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Tibetan Block Prints and Manuscripts Collection

 Collection
Identifier: ubl148

Scope and Contents

  1. The Johan van Manen Collection consists of 998 block prints and 576 manuscripts dealing with Tibetan religion and culture. The manuscripts kept under shelf mark Br. 79/M 65-75, 77-86 are written on Western paper and are bound.
  2. The Lhasa Kanjur (Kangyur) consists of 100 block prints containing some 804 works. The Kanjur part of the Tibetan Buddhist canon contains the older texts which are translated from the Sanskrit.
  3. The Tinne Collection consists of 65 block prints printed in various places in India, Bhutan and Nepal in the period 1964-1995.
  4. The Bonpo canon edition of 1998-1999 is the first complete edition of the Tibetan Bonpo Kanjur (Kangyur) and Tanjur (Tengyur) which is based on a unique set of manuscripts. The Kanjur part consists of 178 volumes and was edited by Mongyal Lhasay Rinpoche. The Tanjur part has 380 volumes and was compiled by Tenpai Nima Rinpoche. On their arrival at the Kern Institute Library the volumes which consist all of loose-leaved bundles were wrapped in the traditional Tibetan cloths called dpe ras. For the Bonpo canon these cloths have a blue colour and were made by the monks at the Menri monastery in Dolanji in Himachal Pradesh (India).
  5. The collection sNga ’gyur rgyud ’bum phyogs bsgrigs (rNying ma rgyud ’bum) consists of 58 bundles of facsimile block prints of 800 pages each. They contain early translations (Tib. snga ’gyur) of Buddhist Tantra works which belong to the Ati-yoga, Anu-yoga, and Mahā-yoga classes. This also includes the so-called Terma (Tib. gter ma) texts. The works stem from older collections originating from Derge (sDe-dge, 429 titles), Tsamdrag (mTshams-brag, 506 titles), Vairocana (19 titles) and Tingkye (gTing-skye, 23 titles), plus two additional titles. The collection sNga ’gyur bka ma shin tu rgyas pa gsung ’bum consists of 133 bundles of facsimile block prints comprising almost 2000 works. Those works are, among others, by Nyingma authors (teachers) in the field of Mahā-yoga, Anu-yoga and Ati-yoga (or Dzogchen, Tib. rdzogs pa chen po). Many of these works have not been accessible outside of Tibet until now.

Dates

  • Late 19th century – 20th century
  • Bulk Late 19th century – early 20th century

Language of Materials

Tibetan

Conditions Governing Use

Due to their fragile state, the block prints and manuscripts of the Van Manen Collection are not available (see above: Alternative form available).

Biographical / Historical

On the initiative of the Sanskritist and archaeologist Jean Philippe Vogel (1871-1958) and the indologist and archaeologist Nicolaas Johannes Krom (1883-1945), an association was founded on 1 December 1924 for 'the establishment and maintenance of an Institute of Indian archaeology at the University of Leiden, named the Kern Institute'. A few months later, on 4 April 1925, the Institute was officially founded. The Institute was named after Hendrik Kern (1833-1917), who was appointed professor of Sanskrit at Leiden University in 1865.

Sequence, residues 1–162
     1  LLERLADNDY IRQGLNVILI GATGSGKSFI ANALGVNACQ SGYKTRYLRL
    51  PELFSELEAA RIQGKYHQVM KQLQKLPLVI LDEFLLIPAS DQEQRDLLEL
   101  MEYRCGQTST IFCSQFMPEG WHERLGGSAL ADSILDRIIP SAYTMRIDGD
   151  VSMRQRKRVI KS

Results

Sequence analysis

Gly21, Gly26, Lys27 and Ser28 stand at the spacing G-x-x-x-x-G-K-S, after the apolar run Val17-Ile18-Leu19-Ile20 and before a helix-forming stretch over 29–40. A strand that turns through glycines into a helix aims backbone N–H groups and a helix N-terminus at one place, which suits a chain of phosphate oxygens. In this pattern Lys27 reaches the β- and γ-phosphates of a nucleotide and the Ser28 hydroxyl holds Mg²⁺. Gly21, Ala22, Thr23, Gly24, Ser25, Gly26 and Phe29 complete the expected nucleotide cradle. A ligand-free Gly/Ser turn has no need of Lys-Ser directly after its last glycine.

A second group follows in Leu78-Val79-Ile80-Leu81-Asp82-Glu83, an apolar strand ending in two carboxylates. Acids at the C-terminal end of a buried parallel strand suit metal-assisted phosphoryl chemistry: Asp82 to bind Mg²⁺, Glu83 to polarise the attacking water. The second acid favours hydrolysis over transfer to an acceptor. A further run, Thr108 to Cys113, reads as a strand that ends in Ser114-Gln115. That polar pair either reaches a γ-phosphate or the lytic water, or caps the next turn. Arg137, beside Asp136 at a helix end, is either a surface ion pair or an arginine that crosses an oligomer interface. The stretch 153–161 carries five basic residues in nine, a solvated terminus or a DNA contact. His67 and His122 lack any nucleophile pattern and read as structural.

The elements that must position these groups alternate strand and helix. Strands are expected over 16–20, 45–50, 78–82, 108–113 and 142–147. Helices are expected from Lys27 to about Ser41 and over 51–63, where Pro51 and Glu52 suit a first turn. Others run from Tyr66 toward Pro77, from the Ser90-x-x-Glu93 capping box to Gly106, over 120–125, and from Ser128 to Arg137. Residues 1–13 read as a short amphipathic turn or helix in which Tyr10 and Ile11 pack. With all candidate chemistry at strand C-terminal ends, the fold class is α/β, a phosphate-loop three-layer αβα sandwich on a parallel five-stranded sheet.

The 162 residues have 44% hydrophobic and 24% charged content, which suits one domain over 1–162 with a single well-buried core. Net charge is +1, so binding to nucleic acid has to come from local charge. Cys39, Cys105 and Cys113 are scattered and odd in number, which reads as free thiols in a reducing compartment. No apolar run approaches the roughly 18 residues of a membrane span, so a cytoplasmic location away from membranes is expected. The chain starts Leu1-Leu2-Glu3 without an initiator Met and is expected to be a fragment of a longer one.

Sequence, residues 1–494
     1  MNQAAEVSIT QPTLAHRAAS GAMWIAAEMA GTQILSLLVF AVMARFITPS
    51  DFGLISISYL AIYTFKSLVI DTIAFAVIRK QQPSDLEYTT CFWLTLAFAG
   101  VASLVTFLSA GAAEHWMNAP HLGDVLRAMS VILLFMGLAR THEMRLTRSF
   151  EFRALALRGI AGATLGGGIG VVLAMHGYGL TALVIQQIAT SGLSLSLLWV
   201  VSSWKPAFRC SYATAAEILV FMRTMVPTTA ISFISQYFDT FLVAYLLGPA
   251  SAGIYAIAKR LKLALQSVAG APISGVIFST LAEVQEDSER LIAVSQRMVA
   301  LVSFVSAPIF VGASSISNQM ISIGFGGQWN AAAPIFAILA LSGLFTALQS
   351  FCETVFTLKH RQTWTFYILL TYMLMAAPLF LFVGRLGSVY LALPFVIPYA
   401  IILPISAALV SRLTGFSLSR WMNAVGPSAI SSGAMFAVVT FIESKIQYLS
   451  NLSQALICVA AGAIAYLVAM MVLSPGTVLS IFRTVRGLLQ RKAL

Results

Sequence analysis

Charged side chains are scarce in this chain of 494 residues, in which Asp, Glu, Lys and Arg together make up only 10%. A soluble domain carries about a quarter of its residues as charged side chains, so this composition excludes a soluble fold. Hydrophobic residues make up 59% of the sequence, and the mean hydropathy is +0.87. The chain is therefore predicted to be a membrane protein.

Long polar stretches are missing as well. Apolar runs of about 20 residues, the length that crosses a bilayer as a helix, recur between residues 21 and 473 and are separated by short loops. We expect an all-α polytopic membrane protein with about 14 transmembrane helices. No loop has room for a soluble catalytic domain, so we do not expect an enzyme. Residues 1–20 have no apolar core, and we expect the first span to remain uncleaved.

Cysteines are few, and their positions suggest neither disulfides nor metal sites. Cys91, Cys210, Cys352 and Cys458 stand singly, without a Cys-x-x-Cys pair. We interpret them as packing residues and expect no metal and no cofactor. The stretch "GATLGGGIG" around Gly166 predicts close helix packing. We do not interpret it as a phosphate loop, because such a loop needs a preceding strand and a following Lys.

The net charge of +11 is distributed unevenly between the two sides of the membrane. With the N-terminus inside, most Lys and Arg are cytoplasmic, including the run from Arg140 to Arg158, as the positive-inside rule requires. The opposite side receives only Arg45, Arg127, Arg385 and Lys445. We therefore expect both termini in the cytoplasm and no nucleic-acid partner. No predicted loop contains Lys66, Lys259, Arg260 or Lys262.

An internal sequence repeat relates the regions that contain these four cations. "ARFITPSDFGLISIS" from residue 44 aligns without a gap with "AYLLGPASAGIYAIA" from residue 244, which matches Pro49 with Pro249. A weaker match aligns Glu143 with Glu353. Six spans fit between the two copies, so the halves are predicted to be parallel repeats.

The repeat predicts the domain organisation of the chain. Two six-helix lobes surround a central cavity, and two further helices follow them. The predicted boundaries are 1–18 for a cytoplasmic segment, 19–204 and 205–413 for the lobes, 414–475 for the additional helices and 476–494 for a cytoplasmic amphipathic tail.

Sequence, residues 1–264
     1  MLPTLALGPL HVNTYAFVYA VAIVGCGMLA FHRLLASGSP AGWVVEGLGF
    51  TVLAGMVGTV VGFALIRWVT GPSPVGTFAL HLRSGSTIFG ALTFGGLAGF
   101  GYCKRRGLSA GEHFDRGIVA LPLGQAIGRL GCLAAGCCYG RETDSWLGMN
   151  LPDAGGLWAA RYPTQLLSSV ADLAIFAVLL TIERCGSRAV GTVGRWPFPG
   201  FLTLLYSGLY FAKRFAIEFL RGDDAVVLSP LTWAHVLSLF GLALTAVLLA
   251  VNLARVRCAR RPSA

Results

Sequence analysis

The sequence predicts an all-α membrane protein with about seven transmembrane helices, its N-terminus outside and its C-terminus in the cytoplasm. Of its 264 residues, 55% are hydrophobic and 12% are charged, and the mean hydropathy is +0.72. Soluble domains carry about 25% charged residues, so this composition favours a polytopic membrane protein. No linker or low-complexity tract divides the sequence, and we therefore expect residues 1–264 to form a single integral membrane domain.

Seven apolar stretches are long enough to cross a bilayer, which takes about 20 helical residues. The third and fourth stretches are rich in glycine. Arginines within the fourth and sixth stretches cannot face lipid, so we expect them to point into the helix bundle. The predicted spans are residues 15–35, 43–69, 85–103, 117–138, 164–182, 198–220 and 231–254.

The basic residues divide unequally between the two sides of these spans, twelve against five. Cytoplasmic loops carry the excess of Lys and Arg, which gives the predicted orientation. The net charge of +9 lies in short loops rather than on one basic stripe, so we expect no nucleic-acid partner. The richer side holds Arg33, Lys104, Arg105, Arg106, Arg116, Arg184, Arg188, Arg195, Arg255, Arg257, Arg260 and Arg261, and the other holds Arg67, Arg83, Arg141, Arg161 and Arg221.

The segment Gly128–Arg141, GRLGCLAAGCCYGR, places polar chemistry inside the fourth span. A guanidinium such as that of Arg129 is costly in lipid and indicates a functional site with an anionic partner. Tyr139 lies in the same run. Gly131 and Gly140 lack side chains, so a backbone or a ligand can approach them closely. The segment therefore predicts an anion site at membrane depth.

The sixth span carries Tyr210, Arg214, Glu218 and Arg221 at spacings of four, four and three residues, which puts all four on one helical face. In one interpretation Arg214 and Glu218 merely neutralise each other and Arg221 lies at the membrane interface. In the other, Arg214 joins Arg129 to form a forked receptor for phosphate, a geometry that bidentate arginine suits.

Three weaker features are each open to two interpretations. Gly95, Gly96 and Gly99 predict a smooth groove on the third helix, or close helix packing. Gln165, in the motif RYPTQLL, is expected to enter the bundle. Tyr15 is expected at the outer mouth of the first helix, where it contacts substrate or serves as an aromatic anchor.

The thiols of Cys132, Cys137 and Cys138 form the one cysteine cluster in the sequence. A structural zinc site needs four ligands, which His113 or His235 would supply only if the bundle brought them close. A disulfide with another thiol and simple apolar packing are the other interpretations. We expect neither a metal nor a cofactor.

Vogel and Krom envisioned a multi-disciplinary approach to the new Indological studies and focused on India and its sphere of influence in its widest sense, that is all 'Indies', hence, the former British India, the Netherlands East Indies and French Indo-China, and even beyond, comprising Central, South and Southeast Asia.

One of the main objectives of the Kern Institute was to collect materials for teaching and research. It was in the first place due to Vogel’s invaluable efforts and his good network that the scope of collecting and studying material was also extended to Tibetan languages and religious literatures. One of his contacts was the orientalist Johan van Manen (Nijmegen, 1877- Calcutta, 1943) who became a corresponding member of the Kern Institute Association. In his youth Van Manen had become a follower of Theosophy and both Hinduism and Buddhism appealed to him. Van Manen, who lived in India from 1909 until his death, may be considered the founder of Tibetology in the Netherlands. During his stay in Calcutta (1916-1943), he brought together c. 1614 Tibetan block prints and manuscripts. His field of interest was extensive and beside Tibetan he also learnt Sanskrite, various other Indian languages and Chinese. Van Manen was a fervent collector who took pains to trace materials on religion, cultural relics, and folklore.